- Jun 13, 2018
- Reaction score
mostly clean, regardless of guitar. or just slightly dirty clean, then it's even better.
Love that Pallo.I've been playing my Les Pauls clean with no apology for a long time now . . .
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The different pickup configurations make for different variations on my sound. I run both pickups together on each of them with nothing in between them and a Fender amp but a volume pedal, with reverb set to 4. I've loved the sound ever since.
That’s true, I would even add that I came to conclusion that probably overdriven sound of the guitar suits Blues music a lot. Maybe it’s because of the nature of the Blues music - it sounds good clean and overdriven no matter what one might personally prefer. At least to my own taste I accept overdriven sounds in Blues music, the rest I like clean nowadays.I personally think the magic happens when your amp is just beginning to break up if your guitars volume knob is all the way up. And you back it off until clean. Between adjusting your picking and the guitars volume knob I can get MOST of the guitar tones i like.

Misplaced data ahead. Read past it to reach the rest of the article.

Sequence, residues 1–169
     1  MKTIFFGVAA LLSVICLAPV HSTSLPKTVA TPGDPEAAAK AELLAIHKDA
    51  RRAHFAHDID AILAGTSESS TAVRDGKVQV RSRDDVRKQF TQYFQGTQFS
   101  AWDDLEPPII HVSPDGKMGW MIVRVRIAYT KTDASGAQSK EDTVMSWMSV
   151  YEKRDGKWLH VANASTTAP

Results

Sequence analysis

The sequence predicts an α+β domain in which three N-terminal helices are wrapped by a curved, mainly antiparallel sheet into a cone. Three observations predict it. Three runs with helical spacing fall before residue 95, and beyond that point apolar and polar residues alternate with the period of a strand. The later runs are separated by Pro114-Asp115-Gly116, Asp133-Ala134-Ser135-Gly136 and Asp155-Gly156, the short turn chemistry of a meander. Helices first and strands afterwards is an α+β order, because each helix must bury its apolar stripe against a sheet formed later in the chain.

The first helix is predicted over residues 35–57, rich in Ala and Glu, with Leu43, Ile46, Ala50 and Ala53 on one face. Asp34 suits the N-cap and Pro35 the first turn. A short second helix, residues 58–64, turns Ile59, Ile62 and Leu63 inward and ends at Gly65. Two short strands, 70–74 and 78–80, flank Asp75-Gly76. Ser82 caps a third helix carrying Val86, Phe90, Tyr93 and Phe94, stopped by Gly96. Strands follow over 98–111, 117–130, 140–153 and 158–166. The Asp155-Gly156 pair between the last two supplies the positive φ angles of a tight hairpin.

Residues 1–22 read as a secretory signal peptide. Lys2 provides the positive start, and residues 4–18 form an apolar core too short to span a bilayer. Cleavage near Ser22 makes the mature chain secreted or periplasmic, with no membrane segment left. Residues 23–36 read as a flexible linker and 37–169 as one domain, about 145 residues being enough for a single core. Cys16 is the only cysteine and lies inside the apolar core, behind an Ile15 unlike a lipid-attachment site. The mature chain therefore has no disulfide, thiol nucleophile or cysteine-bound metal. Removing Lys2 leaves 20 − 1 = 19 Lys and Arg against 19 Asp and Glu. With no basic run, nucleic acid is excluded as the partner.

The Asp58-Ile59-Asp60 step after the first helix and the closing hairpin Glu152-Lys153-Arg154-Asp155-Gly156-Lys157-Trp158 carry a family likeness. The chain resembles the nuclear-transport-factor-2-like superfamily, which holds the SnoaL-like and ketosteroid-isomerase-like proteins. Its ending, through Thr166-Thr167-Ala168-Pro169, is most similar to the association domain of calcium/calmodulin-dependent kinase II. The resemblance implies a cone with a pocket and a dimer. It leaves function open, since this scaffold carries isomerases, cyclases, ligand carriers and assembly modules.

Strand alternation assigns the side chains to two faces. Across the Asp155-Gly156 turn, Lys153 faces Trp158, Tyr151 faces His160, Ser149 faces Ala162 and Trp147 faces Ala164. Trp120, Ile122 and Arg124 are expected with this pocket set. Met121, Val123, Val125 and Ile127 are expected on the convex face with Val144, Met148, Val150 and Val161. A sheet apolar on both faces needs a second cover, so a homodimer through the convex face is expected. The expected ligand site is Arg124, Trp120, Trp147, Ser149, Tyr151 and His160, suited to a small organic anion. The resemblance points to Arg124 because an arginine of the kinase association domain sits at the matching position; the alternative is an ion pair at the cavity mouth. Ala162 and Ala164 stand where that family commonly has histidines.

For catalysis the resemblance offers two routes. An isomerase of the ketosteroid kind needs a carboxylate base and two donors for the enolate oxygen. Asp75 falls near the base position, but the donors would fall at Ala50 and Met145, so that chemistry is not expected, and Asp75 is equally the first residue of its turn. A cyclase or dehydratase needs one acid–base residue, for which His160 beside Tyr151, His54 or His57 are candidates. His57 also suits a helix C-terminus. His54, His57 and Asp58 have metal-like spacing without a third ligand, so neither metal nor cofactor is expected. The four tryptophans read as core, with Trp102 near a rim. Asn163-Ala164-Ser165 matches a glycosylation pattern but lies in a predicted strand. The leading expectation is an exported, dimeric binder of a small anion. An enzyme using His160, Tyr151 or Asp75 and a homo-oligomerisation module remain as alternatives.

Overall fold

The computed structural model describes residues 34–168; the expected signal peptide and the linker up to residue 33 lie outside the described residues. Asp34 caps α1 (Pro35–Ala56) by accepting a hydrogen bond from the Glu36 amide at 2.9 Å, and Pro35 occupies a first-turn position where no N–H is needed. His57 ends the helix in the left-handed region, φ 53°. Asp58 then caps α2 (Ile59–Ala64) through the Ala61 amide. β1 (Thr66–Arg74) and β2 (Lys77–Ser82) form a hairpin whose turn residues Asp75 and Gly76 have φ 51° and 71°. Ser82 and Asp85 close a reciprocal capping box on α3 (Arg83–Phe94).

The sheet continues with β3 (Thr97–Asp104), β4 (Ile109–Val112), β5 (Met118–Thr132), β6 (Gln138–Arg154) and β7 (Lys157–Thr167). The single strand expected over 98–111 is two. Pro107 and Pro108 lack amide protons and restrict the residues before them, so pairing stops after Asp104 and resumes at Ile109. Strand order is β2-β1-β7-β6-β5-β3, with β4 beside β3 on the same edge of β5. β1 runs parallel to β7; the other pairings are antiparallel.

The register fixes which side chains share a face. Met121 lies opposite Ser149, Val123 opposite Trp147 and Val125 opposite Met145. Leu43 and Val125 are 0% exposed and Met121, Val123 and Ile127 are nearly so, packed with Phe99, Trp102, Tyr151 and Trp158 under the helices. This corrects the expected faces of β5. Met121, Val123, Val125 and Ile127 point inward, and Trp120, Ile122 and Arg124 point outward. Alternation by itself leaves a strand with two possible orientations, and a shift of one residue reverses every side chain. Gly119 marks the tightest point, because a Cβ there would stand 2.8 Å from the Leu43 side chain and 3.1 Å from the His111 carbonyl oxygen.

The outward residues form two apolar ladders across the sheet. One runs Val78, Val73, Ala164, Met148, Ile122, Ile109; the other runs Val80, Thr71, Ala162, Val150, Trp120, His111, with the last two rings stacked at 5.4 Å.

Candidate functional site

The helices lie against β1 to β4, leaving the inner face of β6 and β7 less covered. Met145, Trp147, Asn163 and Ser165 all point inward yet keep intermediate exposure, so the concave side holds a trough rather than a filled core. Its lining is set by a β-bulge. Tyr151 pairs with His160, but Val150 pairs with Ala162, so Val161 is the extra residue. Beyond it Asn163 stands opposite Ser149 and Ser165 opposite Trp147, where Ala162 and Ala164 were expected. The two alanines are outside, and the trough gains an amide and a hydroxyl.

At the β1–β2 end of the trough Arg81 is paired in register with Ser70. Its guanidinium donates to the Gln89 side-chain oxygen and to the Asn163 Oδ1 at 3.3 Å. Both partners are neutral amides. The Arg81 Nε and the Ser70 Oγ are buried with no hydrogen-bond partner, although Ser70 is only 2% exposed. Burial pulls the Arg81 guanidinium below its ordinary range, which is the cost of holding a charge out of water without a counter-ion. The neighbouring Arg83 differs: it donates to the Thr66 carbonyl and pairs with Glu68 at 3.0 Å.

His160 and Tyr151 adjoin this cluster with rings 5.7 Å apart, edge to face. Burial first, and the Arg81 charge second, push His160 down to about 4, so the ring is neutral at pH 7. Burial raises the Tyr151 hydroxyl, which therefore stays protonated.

Same here. I grew up listening to a ton of rock but got into jazz/funk/hiphop as an adult, but still always wanted a Les Paul. I was always under the assumption that Les Pauls had a much deeper/thicker sound than say a Strat or Tele. I also always wanted to get one because of my upbringing of worshiping guys who played Les Pauls. When I finally got one I played the neck pickup like 85% of the time, but was surprised to see a majority of Les Paul players using the bridge pickup like 85% of the time. Totally shook my world and understanding of how a lot of my idols likely used the instrument.I'm more into jazz than rock and blues, so 99.9% of the time I'm using the bridge pup with the tone rolled back and clean as a whistle and lots of midrange on the amp. Playing P90s and mini humbuckers like that is a sweet sound.